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Based upon the above Findings of Fact, the Examiner makes the following

CONCLUSIONS OF LAW

1. Complainant is a labor organization within the meaning of Sec. 111.70(1)(h), Stats.

2. Respondent is a municipal employer within the meaning of Sec. 111.70(1)(j), Stats.

3. Use of a District-owned vehicle for commuting to and from a bus driver's residence and the school building work site in between bus routes and at the end of the work day is a mandatory subject of bargaining.

4. By terminating the practice in August of 2001 of allowing bus driver Leech to drive the District-owned school bus to and from his residence in between his scheduled bus routes and at the end of his work day, the Gilman School District did not violate its obligation to maintain the status quo as to all matters primarily related to wages, hours and conditions of employment following the expiration of the 2000-2001 agreement. Therefore, the Gilman School District did not violate Sec. 111.70(3)(a)4, Stats., and derivatively, Sec. 111.70(3)(a)1, Stats.

5. The impact of the decision of the Gilman School District to no longer allow bus driver Leech to drive the District-owned school bus to and from his residence in between his scheduled bus routes and at the end of the work day was a mandatory subject of bargaining over which the Gilman School District was required to bargain with the Gilman Support Staff Local #4311, WFT, AFL-CIO. As a result of the Union's waiver of the District's obligation to bargain the impact of said decision, the Gilman School District, its officers and agents, have not refused to bargain in violation of Sec. 111.70(3)(a)4, Stats., and derivatively, Sec. 111.70(3)(a)1, Stats.

Upon the basis of the above and foregoing Findings of Fact and Conclusion of Law, the Examiner makes and issues the following

ORDER

The Gilman Support Staff Local #4311, WFT, AFT, AFL-CIO complaint of prohibited practice is dismissed in its entirety.

Dated at Wausau, Wisconsin this 14th day of April, 2003.

WISCONSIN EMPLOYMENT RELATIONS COMMISSION

Lauri A. Millot, Examiner

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GILMAN SCHOOL DISTRICT

MEMORANDUM ACCOMPANYING FINDINGS OF FACT,

CONCLUSIONS OF LAW AND ORDER

POSITION OF THE PARTIES

The Complainant

The District committed a prohibited practice by unilaterally changing the conditions of employment for school bus driver Leech. Leech was afforded permission by former Superintendent Furhmann upon hire to use the District owned school bus to travel from his residence to work during the school day in between bus runs and at the beginning and end of his work day. Leech followed this practice every day for three years until August, 2001, when he was informed by newly hired Superintendent Johnson that he was no longer allowed to use the school bus as his means of transportation before, during and after the school day. The District never informed Leech that this was not a permanent condition of employment. Leech's use of the school bus was a well-established, long-standing arrangement known to both Superintendents and the school board members and thus one that could not be unilaterally changed.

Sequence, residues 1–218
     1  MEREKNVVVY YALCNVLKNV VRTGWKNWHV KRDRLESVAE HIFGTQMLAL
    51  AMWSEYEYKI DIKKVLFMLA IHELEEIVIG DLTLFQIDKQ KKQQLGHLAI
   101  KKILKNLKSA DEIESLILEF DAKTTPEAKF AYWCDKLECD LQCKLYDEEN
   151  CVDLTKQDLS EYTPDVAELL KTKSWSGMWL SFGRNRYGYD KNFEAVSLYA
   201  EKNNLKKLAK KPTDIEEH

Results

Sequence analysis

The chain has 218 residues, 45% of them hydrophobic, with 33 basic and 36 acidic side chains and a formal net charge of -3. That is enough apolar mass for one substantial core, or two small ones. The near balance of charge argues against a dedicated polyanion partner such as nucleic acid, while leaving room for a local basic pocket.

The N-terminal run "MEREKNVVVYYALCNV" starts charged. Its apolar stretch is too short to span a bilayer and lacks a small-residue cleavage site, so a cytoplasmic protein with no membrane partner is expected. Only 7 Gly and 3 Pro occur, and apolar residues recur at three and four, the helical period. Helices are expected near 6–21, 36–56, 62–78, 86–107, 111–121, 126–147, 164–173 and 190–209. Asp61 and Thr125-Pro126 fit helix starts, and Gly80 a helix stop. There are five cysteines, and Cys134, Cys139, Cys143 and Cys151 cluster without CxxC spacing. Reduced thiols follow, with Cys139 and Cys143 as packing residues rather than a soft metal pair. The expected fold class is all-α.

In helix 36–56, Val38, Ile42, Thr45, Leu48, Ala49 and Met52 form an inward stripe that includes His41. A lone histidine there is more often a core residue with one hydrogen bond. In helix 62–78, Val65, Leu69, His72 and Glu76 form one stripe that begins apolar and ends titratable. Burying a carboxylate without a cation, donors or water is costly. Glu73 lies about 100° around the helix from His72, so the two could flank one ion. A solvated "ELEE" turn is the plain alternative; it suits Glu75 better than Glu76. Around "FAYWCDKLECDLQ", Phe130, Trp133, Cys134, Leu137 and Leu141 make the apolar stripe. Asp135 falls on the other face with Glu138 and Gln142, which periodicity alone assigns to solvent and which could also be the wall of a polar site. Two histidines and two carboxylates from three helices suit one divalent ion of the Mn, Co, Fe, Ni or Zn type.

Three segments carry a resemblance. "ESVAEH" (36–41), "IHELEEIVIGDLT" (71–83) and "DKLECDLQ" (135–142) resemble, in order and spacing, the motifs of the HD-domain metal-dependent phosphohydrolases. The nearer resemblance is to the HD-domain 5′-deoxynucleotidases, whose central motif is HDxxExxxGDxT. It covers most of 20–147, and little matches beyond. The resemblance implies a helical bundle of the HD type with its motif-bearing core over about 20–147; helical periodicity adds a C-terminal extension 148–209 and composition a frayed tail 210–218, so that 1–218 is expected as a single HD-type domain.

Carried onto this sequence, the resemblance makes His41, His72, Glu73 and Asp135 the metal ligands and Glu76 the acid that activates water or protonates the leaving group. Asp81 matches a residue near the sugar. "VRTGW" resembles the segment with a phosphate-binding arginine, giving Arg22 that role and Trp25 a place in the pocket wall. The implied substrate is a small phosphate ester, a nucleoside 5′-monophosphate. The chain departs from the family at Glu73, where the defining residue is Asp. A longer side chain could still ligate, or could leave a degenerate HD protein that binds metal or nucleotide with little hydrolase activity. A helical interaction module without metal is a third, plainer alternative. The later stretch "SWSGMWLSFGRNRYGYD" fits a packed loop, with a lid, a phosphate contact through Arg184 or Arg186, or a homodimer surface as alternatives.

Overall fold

Complainant attempted unsuccessfully to discuss the unilateral changes imposed on Leech and to bargain the impact of those changes with the District. In addition to requesting to meet with the District prior to filing a grievance, a settlement offer was made to the District in September, 2001, although no response was received. The District denied the grievance at all steps and it refused to meet with the Union on the issue. It was further unwilling to try to resolve the issue on April 30, 2002, with the assistance of an outside party. As a result of the expiration of the collective bargaining agreement on June 30, 2001, a prohibited practice complaint was filed.

The use of the school bus is a benefit of compensation to Leech. Leech has driven his personal vehicle in excess of 7,000 miles as a result of the District's unilateral action. Although the District believes that it was a "benefit to the District" for Leech to use the school bus, taking it home between and after his routes it was economically beneficial to Leech and thus a mandatory subject of bargaining.

In response to the District's assertion that the Union is trying to obtain a change in the Employer-Employee relationship through the grievance procedure and subsequent prohibited practice complaint rather than at the bargaining table, the Complainant denies that it is attempting to do so. Rather, the District forced the Union's hand in this case as a result of its refusal throughout the entire process to meet or discuss this issue.

For all of the above reasons, the Complainant respectfully requests that the Respondent be directed to reinstate the status quo ante and make Leech whole for any losses suffered as a result of the Respondent District's unilateral actions.

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The Respondent

Inherent in the management rights clause of the parties' collective bargaining agreement is the right to determine where to store and how to use the buses of the School District. Leech's taking home of the mini-bus was a management decision made in the best interest of the District. When bus routes changed for school year 2001-2002 and a major construction project was completed, the District determined that it was no longer as efficient to allow Leech to take the bus to his residence. As a result, the District's action was grounded in, and authorized by, the language of the parties' agreement.